Bristling Brock speaks out...


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Have we reached a state of such divided public opinion over Brexit that whatever arguments and debates continue we are all now largely committed to our own perceptions of what is the best outcome ?  Does this make for irreconcilable, politically postional camps across the country in the future - for we have as a nation engaged with the Brexit political debate in ways that we have never previously done - and does that prospect actually matter ?

Logic would suggest that it does matter, for a divided nation (irrespective of the cause) is a malcontent position for large swathes of the population and there develops a natural and automatic tendency for the divisions on one subject to cascade around and become the divisions of other causes as well.  The net effect is a lack of social cohesion, a lack of national self-confidence, a disrespect for the Rule of Law (again irrespective of the common belief that parts of the law are 'truly an ass') and a broadening disrespect of the bedrock values we regard as being the root of Britain's constitutional democracy.  We may not like or agree with our form of democracy, but in reality it is the very substance of how we live our lives in this nation - and if this foundation level concept is diminished then we will all be the worse for it. 

All this is not to say there shouldn't be the processes of change at work.  Our constitution is unwritten and has the sometime value of that being interpretive and adapted to circumstances - so it is open to being regarded in different ways should we choose.  What is important is that we delegate the authority to make those changes and adjustments to these fundamental guidelines of our lives to our government.  We put a mark on a ballot paper and we empower a political group to form a government.  How those people become eligible for participating in government is, however, something the wider electorate can press for change upon, as electoral reform is key to expanding the understanding of political representation and equally expanding the belief that the government and our parliamentary representatives are fairly and justly appointed.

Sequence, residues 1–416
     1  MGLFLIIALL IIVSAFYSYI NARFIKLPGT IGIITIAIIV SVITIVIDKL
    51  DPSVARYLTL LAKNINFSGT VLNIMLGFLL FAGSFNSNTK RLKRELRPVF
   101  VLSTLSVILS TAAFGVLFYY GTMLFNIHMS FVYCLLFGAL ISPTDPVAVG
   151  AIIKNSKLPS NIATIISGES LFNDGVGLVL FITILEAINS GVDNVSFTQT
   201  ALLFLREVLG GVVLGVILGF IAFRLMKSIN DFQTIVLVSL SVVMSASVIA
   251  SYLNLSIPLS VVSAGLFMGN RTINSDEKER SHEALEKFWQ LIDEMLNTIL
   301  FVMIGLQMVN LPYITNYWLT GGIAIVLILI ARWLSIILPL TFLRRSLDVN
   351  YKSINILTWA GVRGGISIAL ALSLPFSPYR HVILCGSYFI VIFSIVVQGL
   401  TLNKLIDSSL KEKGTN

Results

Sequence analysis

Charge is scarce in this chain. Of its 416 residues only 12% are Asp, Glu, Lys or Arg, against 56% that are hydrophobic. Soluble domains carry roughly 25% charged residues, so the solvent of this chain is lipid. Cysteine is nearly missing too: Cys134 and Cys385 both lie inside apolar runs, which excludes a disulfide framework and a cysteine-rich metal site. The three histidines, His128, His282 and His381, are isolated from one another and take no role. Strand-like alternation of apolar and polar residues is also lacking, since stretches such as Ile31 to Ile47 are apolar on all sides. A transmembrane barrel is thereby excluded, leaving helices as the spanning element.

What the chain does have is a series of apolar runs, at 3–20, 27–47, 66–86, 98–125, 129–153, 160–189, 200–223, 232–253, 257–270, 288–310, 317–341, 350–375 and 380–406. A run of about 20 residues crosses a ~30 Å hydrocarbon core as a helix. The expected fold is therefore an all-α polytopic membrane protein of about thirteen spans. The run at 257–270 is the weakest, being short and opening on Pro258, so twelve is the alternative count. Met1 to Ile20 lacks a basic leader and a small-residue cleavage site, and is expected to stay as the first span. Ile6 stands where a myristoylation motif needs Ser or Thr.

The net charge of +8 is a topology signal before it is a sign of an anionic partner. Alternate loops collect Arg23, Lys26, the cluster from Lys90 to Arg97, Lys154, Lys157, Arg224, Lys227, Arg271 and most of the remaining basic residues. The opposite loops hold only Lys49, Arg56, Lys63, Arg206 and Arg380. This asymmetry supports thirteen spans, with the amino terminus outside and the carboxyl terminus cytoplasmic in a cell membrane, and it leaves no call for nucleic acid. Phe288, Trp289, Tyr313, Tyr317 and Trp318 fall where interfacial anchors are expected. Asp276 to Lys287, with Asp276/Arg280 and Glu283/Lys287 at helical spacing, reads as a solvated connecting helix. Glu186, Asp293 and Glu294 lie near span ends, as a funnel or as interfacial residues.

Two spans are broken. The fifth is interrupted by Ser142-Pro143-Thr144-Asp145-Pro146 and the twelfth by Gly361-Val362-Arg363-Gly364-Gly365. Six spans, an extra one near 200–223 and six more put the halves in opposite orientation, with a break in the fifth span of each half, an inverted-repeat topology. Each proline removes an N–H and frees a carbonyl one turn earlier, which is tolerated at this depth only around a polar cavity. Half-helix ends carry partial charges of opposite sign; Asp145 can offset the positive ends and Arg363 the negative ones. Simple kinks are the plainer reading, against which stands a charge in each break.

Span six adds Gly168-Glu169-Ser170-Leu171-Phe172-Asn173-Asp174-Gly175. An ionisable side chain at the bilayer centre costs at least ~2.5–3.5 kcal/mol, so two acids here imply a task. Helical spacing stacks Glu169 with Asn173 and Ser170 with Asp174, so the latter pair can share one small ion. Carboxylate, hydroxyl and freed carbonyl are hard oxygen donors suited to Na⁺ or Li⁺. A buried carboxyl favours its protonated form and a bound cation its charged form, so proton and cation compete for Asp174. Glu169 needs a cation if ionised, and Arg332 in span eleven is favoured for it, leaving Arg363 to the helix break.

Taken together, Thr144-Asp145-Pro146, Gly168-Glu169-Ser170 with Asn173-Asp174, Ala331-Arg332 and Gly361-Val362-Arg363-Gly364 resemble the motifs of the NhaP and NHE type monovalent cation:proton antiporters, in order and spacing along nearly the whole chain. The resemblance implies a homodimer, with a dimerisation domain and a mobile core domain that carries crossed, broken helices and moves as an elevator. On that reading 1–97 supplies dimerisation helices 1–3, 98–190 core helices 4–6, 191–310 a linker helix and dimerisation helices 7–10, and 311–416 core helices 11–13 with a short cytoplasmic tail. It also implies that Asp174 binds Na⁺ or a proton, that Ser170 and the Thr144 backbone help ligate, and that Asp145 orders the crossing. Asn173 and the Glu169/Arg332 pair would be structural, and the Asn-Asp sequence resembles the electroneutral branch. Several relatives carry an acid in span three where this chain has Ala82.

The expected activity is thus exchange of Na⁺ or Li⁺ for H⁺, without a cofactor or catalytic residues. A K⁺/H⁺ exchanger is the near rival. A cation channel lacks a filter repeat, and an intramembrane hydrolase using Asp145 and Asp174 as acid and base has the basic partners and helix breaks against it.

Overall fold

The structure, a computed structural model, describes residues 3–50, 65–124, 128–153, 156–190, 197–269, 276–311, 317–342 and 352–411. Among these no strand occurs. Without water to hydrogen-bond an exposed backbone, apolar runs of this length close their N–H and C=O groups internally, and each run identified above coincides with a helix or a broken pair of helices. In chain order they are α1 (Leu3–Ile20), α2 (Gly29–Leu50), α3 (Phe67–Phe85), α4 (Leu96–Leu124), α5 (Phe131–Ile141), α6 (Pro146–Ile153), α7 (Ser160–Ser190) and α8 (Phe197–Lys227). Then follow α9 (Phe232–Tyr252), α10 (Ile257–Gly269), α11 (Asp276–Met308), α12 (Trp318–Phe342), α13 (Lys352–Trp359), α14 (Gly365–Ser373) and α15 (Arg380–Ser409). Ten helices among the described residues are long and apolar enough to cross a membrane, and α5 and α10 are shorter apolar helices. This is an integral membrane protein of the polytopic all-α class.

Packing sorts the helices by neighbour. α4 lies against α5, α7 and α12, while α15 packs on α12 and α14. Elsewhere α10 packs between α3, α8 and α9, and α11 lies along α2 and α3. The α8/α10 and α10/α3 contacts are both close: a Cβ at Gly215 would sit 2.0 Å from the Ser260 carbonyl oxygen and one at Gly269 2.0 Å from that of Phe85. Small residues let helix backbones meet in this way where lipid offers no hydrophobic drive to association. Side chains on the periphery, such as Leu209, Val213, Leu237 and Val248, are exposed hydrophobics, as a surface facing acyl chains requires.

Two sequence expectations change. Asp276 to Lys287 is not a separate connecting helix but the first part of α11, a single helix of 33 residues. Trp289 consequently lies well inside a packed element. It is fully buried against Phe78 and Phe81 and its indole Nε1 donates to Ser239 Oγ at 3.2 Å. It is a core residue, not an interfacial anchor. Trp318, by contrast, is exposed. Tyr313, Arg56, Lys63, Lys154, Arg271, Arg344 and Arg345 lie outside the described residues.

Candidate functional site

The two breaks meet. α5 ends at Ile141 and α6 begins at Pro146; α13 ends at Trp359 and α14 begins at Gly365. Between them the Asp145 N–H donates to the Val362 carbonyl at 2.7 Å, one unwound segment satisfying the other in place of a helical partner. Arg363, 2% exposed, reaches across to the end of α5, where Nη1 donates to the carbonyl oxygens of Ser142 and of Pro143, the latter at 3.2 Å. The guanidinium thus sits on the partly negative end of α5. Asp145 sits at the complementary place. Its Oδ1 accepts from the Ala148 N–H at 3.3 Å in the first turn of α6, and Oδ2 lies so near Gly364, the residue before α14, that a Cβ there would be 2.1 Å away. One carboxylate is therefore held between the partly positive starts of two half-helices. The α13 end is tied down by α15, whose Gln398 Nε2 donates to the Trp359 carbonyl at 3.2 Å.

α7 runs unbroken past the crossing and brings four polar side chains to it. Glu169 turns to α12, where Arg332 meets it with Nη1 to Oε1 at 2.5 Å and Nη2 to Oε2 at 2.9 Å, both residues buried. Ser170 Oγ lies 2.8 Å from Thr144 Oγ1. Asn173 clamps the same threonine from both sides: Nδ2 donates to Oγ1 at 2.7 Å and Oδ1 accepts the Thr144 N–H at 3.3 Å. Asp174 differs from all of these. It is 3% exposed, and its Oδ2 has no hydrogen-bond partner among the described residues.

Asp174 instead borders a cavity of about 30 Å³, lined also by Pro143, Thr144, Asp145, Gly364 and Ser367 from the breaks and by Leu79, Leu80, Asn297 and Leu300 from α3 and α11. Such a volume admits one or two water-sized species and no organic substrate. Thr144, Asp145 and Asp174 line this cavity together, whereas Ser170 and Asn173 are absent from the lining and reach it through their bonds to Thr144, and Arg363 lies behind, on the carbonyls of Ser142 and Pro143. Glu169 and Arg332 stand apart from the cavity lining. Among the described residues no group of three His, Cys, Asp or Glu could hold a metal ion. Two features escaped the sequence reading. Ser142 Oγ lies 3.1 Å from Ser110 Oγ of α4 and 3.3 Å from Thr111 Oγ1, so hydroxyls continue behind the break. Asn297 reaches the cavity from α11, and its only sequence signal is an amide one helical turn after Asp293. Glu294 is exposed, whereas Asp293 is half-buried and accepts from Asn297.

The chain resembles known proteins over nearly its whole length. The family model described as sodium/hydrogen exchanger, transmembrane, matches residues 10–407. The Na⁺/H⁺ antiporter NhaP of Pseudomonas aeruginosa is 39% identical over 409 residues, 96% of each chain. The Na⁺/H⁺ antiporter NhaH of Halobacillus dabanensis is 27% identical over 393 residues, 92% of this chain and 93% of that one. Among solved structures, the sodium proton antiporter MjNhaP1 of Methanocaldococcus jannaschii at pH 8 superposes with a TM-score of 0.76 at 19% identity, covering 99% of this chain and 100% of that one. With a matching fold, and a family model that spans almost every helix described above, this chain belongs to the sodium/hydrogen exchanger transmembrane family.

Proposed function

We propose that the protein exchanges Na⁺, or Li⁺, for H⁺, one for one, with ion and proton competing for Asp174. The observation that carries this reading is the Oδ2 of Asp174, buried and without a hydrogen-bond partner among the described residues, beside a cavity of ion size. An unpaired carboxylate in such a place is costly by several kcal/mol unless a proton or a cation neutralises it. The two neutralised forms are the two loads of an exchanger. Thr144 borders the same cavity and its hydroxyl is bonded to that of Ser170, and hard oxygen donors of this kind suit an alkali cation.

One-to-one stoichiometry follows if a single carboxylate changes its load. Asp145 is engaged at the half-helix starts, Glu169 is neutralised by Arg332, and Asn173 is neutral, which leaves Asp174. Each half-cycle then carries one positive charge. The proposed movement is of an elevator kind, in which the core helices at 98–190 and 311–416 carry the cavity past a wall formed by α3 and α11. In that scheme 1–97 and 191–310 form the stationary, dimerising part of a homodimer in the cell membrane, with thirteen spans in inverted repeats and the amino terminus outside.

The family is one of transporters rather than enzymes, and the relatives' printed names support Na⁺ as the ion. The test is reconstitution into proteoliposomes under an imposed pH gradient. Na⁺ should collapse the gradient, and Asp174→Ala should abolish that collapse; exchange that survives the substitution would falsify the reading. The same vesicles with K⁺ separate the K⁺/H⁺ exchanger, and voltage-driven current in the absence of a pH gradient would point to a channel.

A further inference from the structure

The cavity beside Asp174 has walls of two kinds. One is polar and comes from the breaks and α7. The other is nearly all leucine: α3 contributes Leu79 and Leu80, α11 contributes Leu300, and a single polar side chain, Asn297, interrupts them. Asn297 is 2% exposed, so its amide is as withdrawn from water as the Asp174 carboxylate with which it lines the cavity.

So the crux of Brexit is, perhaps, a matter of faith.   If we have no faith in government then we will eventually tread the road toward anarchy.  The government is our means to live our lives in a comparitively orderly and managed way.  We may resent that notion but it is, for the most part, a truism of the British way of life.  Bristling Brock will always argue for change on those issues that clearly need something of a refreshed view and the political processes we have enable us to express our differing thoughts and opinions (BB will keep certain PC issues out of this part of the discussion) to weigh in on national and local issues.  That we must cherish above all else.   We have freedoms here that are conducive to our way of life and the government is the arbiter of how those freedoms of expression can be judged as meaningful influences within the political arena.  If the arguments for change are powerful enough, justifiable and popular then that change can be brought about.  Government is not perfect, but reflect a while on the vision of a state without proper governance - it is not a pretty sight to behold.

So BB, despite many reservations on detail, would argue that we must believe in and have faith in our government at this testing time.  If we continue to force division, we will end up with chaos beyond anything imaginable.  Whatever the government does now - and it surely must take a position - all things remain on the table for future discussion.  Nothing is forever.  But first things first, the country needs to come together now and unite behind the government and have faith in the choices it makes.    


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